How to: Strip, Prepare and Paint a Door

This weeks’ how to guide is split into four parts: in part one, we’re focusing on how to strip and paint/varnish a door. In the second part of the guide, we’ll tell you how to prepare and paint/varnish a brand- new door. The third section will look at painting while the fourth will look at staining and varnishing.

In all cases, we’ll stress right now that the preparation is always key and will dramatically affect the final finish. we would always advise giving yourself adequate time to prepare. In both, it’s also better (if possible) that you remove the door from its’ hinges.

Image shows a hand in a black plastic glove holding a yellow sanding block onto a wooden door

An Older Door                        

Before you do anything to an older door, we would always recommend stripping it before applying any new paint or varnish. This will give you the best possible start.

There are a number of ways to do this, including heating and scraping, sanding and chemical stripper. All methods have their own pros and cons and we would always advise that whichever method you’re using, you have the correct equipment, correct PPE (such as gloves, masks and eye coverings) and that you follow the manufacturers instructions at all times. Also ensure you’re in a well-ventilated room, or if the weather allows, work outside.

Once you’re left with a blank door, you should neutralise the surface of the door with either water or white spirit. This will help the paint or varnish to bond with the surface of the door.

fill in any gaps, splits or crevices with a good quality filler. Leave that to dry and then sand down any rough or raised edges. If you’re using an electric sander, be careful not to damage any decorative mouldings the door might have.

Then you should clean the whole door down with warm soapy water to get rid of any dust or debris.

It’s very important as well that you test any stain or varnish before you apply it to the whole door. The appearance of different stains or varnishes can vary depending on the type and age of the wood, so it’s vital to ensure you have the shade and finish you want before you put it on the door.

A New Door

When it comes to new wood, the preparation is equally important. Firstly, clean the wood to remove dirt, oil, grease and wax with an appropriate cleaner de-waxer. Inspect the wood carefully for any openings or holes and fill these in, then sand the door along the grain of the wood with a sanding tool or sandpaper. You should never use steel wool as small pieces of this can get trapped in the wood and can cause rusting as it corrodes.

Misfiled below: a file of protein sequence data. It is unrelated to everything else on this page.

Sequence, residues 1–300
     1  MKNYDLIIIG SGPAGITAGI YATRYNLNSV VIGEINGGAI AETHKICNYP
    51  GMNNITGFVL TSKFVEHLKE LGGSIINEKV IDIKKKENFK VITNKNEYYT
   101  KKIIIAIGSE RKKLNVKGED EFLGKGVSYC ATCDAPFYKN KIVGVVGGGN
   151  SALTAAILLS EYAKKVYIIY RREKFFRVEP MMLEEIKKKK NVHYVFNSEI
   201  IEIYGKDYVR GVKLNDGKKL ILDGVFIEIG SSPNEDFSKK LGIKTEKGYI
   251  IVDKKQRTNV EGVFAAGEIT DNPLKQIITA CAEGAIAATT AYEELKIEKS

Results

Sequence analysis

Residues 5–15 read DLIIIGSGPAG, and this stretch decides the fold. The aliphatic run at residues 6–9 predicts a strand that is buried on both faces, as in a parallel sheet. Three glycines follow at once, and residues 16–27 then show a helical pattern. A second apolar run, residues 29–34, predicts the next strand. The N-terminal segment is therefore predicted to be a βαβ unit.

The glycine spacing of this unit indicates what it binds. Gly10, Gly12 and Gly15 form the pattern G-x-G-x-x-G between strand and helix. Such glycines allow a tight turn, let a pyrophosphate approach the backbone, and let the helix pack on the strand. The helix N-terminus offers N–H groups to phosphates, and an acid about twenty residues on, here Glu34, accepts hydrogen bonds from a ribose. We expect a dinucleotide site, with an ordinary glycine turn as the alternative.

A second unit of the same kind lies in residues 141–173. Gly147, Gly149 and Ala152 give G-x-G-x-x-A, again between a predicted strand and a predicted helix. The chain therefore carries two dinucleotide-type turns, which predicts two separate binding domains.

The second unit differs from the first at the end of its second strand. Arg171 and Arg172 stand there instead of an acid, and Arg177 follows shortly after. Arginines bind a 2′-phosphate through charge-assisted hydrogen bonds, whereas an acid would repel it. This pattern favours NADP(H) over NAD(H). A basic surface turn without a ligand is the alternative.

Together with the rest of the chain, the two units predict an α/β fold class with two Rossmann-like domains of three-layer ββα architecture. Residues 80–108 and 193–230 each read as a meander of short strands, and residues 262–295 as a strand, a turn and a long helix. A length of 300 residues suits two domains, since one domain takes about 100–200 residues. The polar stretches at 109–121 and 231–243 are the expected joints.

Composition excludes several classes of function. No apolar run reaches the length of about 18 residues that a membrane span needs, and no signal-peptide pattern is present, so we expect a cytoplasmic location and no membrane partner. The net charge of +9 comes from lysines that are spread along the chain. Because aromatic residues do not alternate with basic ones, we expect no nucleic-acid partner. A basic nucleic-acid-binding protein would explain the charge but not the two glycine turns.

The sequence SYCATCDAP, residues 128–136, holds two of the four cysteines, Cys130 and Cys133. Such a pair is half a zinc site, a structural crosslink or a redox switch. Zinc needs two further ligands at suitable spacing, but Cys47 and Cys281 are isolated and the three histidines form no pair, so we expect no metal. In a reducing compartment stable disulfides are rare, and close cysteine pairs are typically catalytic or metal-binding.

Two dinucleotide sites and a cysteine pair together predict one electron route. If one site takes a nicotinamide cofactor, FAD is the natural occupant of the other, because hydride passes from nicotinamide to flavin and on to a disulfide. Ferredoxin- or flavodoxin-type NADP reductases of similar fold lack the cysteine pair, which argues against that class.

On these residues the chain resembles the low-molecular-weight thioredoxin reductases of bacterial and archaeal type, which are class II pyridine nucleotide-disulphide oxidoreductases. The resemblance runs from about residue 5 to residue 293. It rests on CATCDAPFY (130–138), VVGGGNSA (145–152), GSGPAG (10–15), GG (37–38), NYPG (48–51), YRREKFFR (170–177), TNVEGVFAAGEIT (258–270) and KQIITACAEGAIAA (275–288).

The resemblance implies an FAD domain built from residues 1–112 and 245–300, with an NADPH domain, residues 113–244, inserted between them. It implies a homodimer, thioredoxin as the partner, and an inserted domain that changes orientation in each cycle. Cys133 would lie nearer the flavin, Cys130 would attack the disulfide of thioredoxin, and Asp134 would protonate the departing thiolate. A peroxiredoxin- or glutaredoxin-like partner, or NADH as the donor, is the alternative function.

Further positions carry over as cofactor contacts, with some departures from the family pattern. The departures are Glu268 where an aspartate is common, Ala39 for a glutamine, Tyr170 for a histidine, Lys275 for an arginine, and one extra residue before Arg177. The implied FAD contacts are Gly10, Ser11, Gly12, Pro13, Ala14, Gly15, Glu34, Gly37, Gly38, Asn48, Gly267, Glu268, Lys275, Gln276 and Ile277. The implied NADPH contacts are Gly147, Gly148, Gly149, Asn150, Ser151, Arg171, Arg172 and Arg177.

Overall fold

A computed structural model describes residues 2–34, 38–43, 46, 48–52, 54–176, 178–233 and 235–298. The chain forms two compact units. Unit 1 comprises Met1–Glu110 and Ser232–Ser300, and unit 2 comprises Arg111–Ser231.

Next, just as with the older door, you need to clean the wood again to get rid of any dust or debris.

Again, test the stain or varnish before applying it to the whole door.

Image shows a hand in a clear plastic glove holding a paintbrush coated in white paint. there is a wooden door at the bottom of the image and the paintbrush is resting on it.

Painting

The most important point here is to take it slowly and give yourself enough time to do it properly. Follow the grain of the wood in long strokes, and if possible don’t overlap. If the wood needs more than one coat, allow the first coat to dry thoroughly before adding a second and again, take that second coat slowly.

Staining and varnishing

Using a paintbrush, apply the stain sparingly, taking it slowly and following the grain. It’s also best to avoid any overlapping strokes which could cause a bumpy finish. Once the whole surface is covered, use a lint-free cloth to remove any excess and give an even finish.

Once the stain is fully dry, you’re ready to apply the varnish. Again, ensure you’re in a well-ventilated room and that you have adequate PPE. Once again, use long strokes and try not to overlap.

You’ll find you’ll probably need more than one coat of varnish and once each coat of varnish is dry, you should gently sand the varnish down with fine sandpaper to give the next coat something to adhere to. Always ensure that you wipe the surface down to get rid of any dust before you apply any further varnish.

 

Finally, whether you’ve painted or varnished, allow the door to fully dry before you put any fixings on or attempt to re-hang the door.

 

 

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